Matheson Questions Adequacy of Divine Strake Environmental Review
Congressman Jim Matheson today reiterated his opposition to the proposed detonation of 700 tons of explosives at the Nevada Test Site-an experiment dubbed "Divine Strake"-in comments submitted to the Defense Threat Reduction Agency (DTRA).
"The Defense Threat Reduction Agency has been largely the cause of a great deal of anxiety and confusion throughout the western United States and particularly in Utah," Matheson writes.
Matheson submitted his comments on the draft Environmental Assessment issued by DTRA and the National Nuclear Security Administration (NNSA). The document provides the agencies' analysis of the affects of the proposed blast, which will raise a dust cloud nearly 10,000 feet above the desert floor. The draft EA concludes that radiation may become airborne and drift off-site, potentially exposing the public, although in very small quantities. The public comment period on the draft EA ends February 7th.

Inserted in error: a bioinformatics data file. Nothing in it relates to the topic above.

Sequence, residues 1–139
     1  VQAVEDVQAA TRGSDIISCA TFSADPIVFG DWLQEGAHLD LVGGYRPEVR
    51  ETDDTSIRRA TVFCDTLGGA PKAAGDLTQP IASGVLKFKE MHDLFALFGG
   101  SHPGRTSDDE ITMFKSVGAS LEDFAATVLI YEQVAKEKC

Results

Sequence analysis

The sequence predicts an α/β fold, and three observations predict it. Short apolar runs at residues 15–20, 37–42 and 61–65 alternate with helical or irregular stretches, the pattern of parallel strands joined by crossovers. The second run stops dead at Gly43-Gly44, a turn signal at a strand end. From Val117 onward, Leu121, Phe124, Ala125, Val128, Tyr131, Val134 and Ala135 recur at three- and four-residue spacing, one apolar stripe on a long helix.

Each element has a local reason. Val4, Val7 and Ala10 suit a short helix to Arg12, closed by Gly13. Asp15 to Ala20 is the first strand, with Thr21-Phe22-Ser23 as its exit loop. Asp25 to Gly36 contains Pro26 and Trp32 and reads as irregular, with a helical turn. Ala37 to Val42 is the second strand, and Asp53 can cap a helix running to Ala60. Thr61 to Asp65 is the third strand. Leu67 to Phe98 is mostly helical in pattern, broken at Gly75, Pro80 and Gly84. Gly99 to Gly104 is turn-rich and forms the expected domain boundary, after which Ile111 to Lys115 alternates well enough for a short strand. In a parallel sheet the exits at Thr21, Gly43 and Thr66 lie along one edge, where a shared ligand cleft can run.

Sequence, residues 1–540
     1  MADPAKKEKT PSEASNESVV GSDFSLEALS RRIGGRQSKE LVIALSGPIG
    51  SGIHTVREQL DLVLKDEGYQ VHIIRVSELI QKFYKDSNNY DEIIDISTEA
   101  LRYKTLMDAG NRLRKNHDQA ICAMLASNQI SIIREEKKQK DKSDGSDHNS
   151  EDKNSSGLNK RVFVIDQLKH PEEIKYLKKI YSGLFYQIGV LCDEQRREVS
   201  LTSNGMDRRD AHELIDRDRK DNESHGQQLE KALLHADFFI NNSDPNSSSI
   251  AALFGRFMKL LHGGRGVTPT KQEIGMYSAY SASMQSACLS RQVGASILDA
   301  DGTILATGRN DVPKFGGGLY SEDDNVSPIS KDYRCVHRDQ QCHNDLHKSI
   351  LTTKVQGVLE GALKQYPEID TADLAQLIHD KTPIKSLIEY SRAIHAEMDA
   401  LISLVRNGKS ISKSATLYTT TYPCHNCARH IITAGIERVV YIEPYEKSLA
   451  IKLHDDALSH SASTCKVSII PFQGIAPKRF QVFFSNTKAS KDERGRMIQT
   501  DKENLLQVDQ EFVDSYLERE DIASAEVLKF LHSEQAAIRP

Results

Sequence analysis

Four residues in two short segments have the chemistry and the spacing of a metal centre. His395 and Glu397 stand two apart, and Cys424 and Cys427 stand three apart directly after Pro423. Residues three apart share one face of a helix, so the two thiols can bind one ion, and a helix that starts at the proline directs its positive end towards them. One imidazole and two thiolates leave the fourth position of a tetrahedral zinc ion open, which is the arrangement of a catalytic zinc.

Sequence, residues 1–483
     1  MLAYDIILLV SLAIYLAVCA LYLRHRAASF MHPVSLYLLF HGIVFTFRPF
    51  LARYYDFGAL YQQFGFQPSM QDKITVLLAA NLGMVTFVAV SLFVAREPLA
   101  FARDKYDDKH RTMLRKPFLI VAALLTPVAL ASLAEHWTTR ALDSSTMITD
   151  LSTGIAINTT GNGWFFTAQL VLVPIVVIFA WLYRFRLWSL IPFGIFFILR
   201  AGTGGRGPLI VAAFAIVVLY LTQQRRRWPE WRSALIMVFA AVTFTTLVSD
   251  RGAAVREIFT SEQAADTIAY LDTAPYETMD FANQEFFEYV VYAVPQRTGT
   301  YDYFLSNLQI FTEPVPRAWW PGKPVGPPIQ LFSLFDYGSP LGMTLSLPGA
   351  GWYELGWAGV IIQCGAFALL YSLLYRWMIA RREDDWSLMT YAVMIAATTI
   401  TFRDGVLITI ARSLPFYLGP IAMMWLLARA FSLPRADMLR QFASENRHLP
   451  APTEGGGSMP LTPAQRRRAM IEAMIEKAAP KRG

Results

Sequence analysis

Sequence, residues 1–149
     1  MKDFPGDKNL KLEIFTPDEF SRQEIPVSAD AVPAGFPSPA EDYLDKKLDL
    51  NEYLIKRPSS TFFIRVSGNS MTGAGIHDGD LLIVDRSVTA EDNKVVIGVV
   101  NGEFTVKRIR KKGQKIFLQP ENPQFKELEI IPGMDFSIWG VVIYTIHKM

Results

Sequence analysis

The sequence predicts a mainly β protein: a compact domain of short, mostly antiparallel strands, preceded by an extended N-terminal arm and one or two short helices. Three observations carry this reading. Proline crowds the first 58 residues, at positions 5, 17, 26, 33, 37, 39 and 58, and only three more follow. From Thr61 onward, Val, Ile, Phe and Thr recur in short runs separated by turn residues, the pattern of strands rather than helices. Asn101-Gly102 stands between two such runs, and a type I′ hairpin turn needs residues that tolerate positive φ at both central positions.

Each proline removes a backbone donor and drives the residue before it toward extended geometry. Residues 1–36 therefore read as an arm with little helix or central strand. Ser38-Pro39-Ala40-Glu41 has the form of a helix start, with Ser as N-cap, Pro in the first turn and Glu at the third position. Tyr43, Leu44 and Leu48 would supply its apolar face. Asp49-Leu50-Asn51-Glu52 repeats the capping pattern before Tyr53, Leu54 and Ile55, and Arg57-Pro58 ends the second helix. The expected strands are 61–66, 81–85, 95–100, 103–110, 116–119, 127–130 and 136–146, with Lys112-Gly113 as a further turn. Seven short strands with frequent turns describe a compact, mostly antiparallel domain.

Matheson notes that recent open house meetings DTRA hosted in St. George and Salt Lake City did not resolve the concerns he and his constituents have about the purpose of and the potential health risks associated with Divine Strake.
Matheson questioned why alternative locations for the test - such as the White Sands Missile Range-- were not analyzed by DTRA
In his comments, Matheson questions the purpose and need for the experimental blast and the adequacy of soil sampling at the spot within the test site where a huge pile of Ammonium Nitrate Fuel Oil (ANFO) will be exploded. Matheson notes that historical radiation fallout maps show that the ground may, in fact, be contaminated by fallout from past above-ground nuclear tests, in addition to underground tests conducted about a mile away from the proposed conventional blast site.
"Given the government's past track record of dismissing health and safety risks to the public-despite scientific data showing otherwise-it will take a more rigorous environmental review to assure me and many Utahns that there's nothing to fear from this test," said Matheson.